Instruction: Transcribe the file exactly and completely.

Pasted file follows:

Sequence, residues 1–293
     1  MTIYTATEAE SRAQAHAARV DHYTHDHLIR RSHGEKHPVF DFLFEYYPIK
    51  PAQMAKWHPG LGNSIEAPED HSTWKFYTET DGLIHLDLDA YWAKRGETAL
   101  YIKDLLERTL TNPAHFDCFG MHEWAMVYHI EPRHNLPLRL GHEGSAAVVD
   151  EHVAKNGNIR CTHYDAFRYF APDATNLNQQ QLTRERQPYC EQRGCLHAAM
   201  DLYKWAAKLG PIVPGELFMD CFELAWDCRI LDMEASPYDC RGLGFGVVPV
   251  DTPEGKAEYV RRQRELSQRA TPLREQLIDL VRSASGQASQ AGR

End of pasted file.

Sequence, residues 1–293
     1  MTIYTATEAE SRAQAHAARV DHYTHDHLIR RSHGEKHPVF DFLFEYYPIK
    51  PAQMAKWHPG LGNSIEAPED HSTWKFYTET DGLIHLDLDA YWAKRGETAL
   101  YIKDLLERTL TNPAHFDCFG MHEWAMVYHI EPRHNLPLRL GHEGSAAVVD
   151  EHVAKNGNIR CTHYDAFRYF APDATNLNQQ QLTRERQPYC EQRGCLHAAM
   201  DLYKWAAKLG PIVPGELFMD CFELAWDCRI LDMEASPYDC RGLGFGVVPV
   251  DTPEGKAEYV RRQRELSQRA TPLREQLIDL VRSASGQASQ AGR